The state Department of Financial Services’ new cybersecurity regulations that took effect starting Wednesday are touted as a protective shield for consumer data.
The new rules require banks, insurance companies and other financial services institutions regulated by the department to initiate cybersecurity programs that meet the new standards.
The regulations require adequately funded and staffed programs, overseen by qualified managers, with minimum standards for controlling access to systems, encryption of data and testing.
To look closer at the new regulations, we sat down with Paul Greene, a partner at Harter Secrest & Emery LLP and head of the firm’s privacy and data security practice, who has analyzed the regulations and the comments submitted to the state agency throughout the public comment period.
The new rules are “widely seen as the most restrictive set of cybersecurity regulations that are out there,” Greene said.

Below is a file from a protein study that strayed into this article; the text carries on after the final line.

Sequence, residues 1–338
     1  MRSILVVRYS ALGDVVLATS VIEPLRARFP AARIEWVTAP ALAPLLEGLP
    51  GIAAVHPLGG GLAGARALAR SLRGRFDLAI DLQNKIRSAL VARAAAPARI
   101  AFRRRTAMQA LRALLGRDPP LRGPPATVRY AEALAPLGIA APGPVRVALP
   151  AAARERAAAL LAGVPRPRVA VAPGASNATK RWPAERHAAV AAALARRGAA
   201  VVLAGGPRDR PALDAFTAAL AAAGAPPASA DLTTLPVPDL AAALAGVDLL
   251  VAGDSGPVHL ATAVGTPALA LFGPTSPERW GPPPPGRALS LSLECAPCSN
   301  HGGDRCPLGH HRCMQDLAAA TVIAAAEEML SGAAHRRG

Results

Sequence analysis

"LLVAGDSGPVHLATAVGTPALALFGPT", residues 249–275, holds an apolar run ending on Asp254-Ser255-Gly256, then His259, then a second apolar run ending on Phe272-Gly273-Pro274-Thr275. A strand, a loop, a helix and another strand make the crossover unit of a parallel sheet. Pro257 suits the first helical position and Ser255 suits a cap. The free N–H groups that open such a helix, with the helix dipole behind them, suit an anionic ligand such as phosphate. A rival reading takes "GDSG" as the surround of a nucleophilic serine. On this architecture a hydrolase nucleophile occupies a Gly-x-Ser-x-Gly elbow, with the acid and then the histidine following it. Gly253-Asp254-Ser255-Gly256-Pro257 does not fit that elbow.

The first draft of the regulations were introduced in September, but the regulations were revised in response to some 150 comments received.
“They were very broad, sweeping new regulations and they resulted in a lot of pushback from the industry,” Greene said.
Because the rules apply to Wall Street, they will have a far-reaching impact.
One of the differences between the first draft of the regulations and the final version: 80 to 90 colleges and universities that were initially covered because they issue charitable gift annuities to donors are now exempt.
The new regulations will be phased in over the next two years.
“I do think it’s going to have a big effect. The question is whether it’s the right effect,” Greene said.
One of most aggressive aspects of the new regulations is the requirement a company must notify the state agency within 72 hours of a determination that a cybersecurity event has occurred with a reasonable likelihood of causing material harm to normal operations.
But deciding whether an event meets those particular criteria is a “tough determination,” Greene said.
3/3/2017 (c) 2017 Rochester Business Journal. To obtain permission to reprint this article, call 585-546-8303 or email firstname.lastname@example.org.